Legally reviewed by: Shereen Murphy Updated: Covid-19

Covid-19 (Coronavirus) Emergency Volunteering Leave


The government has called upon the public to volunteer their time to support the NHS and other social care authorities, where pressure from the on going Covid-19 (Coronavirus) pandemic is reaching crisis point

Many of those volunteers will already have jobs and the government has introduced measures to allow people to take leave in order to volunteer. These measures come under the Coronavirus Act 2020, which came in to force last week (25 March 2020), which introduces Emergency Volunteering Leave (“EVL”).

Where a worker signs up to volunteer to help the NHS or associated social care authority they will be able to obtain an emergency volunteering certificate which they can provide to their employer.

“Workers” includes agency workers but excludes:

1.    Crown or Parliamentary employees (such as civil servants); and/or
2.    Police or military workers; and/or
3.    Workers whose employers have fewer than 10 employees.

They will need to give their employers three days’ notice and must take their EVL in blocks of two, three or four weeks. Only one period of EVL can be taken in any one 16 week volunteering period.

Whilst on EVL workers will not receive pay from their employer. They do, however, remain bound by the remaining terms of their contract of employment and so annual leave accrual, pension rights and other contractual benefits (such as private health insurance) will remain in place.

There are also provisions for the Secretary of State to set up a compensation scheme which will reimburse volunteers for some of their lost income including, for example, travel and subsistence. At the time of writing, that scheme has not been established and we are waiting for further details on this from the government.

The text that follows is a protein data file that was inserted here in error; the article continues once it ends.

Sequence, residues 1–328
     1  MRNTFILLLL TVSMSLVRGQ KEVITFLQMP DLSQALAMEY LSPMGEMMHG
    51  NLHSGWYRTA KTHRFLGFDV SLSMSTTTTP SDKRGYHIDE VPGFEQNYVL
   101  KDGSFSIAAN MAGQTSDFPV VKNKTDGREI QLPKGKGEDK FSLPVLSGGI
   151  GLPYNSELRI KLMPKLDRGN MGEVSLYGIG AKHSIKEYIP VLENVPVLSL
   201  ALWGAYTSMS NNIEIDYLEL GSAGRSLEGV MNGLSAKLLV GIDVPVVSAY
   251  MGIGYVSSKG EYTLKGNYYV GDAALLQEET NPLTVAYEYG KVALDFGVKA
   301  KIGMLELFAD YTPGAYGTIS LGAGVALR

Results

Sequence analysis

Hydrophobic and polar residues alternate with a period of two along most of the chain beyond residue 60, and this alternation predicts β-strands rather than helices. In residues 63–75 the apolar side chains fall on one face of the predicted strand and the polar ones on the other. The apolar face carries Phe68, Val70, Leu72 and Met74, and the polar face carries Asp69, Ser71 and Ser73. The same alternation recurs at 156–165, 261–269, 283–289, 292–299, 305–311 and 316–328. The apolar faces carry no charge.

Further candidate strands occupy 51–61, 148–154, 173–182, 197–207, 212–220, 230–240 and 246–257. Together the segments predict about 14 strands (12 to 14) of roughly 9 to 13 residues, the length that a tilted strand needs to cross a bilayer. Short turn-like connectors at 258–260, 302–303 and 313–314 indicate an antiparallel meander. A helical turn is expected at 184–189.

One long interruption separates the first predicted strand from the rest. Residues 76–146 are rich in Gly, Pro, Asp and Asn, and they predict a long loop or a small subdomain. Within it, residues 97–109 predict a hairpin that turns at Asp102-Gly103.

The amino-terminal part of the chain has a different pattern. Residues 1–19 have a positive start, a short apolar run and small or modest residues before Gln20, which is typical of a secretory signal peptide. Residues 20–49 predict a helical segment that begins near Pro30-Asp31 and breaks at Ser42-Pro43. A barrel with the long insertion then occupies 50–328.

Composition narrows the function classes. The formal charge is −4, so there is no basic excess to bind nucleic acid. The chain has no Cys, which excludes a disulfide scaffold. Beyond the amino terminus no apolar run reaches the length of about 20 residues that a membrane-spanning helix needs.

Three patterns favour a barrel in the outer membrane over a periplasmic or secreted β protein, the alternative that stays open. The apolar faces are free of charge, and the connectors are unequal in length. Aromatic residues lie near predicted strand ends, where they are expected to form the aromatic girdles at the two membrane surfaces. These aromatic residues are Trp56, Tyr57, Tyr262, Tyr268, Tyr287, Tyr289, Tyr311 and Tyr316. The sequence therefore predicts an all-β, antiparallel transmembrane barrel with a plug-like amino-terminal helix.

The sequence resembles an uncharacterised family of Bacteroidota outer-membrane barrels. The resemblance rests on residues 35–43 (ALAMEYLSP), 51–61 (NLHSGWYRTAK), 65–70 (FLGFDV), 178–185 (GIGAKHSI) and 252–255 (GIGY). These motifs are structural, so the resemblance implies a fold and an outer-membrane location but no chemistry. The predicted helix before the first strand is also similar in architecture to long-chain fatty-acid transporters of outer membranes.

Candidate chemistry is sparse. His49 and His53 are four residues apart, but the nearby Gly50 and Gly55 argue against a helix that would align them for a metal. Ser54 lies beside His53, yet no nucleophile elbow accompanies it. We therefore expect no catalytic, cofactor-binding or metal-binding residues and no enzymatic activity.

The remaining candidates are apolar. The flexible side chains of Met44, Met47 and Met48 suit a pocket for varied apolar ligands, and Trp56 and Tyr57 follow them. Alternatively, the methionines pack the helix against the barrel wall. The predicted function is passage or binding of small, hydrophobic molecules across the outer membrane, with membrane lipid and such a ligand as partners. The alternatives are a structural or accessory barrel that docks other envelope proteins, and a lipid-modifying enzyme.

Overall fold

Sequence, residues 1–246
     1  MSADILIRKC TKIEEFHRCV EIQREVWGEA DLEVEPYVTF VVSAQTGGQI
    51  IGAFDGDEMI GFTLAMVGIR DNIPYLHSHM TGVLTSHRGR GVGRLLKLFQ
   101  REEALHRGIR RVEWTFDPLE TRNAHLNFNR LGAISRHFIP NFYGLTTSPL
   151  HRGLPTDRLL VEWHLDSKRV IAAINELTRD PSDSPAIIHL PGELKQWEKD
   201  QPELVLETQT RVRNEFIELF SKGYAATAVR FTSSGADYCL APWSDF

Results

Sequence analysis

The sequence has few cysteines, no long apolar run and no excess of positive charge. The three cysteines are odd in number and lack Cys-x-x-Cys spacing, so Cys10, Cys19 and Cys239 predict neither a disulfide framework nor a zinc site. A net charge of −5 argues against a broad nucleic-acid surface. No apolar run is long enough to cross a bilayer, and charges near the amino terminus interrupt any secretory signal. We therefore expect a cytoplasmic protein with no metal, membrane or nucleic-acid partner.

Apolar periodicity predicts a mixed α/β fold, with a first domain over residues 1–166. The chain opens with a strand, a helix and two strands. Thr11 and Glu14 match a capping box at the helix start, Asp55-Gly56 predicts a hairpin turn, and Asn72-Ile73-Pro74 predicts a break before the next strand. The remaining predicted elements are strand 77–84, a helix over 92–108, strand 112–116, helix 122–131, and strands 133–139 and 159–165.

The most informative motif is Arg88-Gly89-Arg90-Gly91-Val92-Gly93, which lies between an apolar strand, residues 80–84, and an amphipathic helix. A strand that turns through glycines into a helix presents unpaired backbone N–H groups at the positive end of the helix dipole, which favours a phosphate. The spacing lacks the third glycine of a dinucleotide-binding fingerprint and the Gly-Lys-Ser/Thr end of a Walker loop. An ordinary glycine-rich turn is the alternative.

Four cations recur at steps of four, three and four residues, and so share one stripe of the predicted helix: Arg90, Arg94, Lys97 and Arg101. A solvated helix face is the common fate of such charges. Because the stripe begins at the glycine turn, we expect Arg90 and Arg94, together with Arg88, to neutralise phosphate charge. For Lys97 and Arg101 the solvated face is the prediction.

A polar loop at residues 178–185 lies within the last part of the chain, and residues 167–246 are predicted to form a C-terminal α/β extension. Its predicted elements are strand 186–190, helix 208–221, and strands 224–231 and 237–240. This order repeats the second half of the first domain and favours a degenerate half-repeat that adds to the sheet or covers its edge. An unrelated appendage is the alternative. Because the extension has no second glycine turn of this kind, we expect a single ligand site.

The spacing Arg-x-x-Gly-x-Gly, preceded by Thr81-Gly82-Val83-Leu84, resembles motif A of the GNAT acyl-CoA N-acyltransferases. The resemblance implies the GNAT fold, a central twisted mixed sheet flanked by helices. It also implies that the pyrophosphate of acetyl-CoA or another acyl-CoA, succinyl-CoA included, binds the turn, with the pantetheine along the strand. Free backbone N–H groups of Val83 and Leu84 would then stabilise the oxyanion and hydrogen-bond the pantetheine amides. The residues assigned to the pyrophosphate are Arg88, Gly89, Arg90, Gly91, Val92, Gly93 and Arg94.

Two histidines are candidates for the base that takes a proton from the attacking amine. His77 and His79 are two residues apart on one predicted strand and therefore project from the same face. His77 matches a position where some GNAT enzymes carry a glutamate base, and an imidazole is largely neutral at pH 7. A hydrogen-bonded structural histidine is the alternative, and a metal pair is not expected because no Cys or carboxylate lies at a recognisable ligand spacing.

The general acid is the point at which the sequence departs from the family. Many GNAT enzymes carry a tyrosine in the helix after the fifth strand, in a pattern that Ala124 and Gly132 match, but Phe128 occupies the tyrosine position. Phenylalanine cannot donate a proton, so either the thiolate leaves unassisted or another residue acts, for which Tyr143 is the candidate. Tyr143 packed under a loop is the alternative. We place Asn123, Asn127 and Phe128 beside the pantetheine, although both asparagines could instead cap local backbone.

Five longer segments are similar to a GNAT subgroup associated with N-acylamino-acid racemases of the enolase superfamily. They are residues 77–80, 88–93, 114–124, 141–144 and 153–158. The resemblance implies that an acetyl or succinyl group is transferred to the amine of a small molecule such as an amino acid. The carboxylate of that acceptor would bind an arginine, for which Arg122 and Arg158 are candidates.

Under the new laws, workers will be entitled to return to their normal jobs on the same terms and conditions once they have finished volunteering.

They are also offered protection against detriment and dismissal. So, if a worker takes, or proposes to take, EVL and they are dismissed as a result, that dismissal will be classed as automatically unfair. They will then not need the usual two years’ service in order to bring an unfair dismissal claim and their will be no maximum limit on compensation.

It’s really important to note that whilst the Coronavirus Act 2020 is in force, the provisions relating to EVL require further legislation to be made before they will take effect. We will, of course, update you as soon as that legislation is passed.

If you are an employer and have staff asking to take EVL or if you are a worker and are looking to take a period of EVL but want some advice before doing so please contact us here.

If you have any further queries around the above topic or otherwise, contact the firm here.

Legal Disclaimer.

All advice is correct at time of publication.